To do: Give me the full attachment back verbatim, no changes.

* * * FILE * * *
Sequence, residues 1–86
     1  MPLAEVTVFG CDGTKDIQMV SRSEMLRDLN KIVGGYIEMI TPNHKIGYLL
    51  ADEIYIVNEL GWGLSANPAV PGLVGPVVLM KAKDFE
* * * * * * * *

Sequence, residues 1–86
     1  MPLAEVTVFG CDGTKDIQMV SRSEMLRDLN KIVGGYIEMI TPNHKIGYLL
    51  ADEIYIVNEL GWGLSANPAV PGLVGPVVLM KAKDFE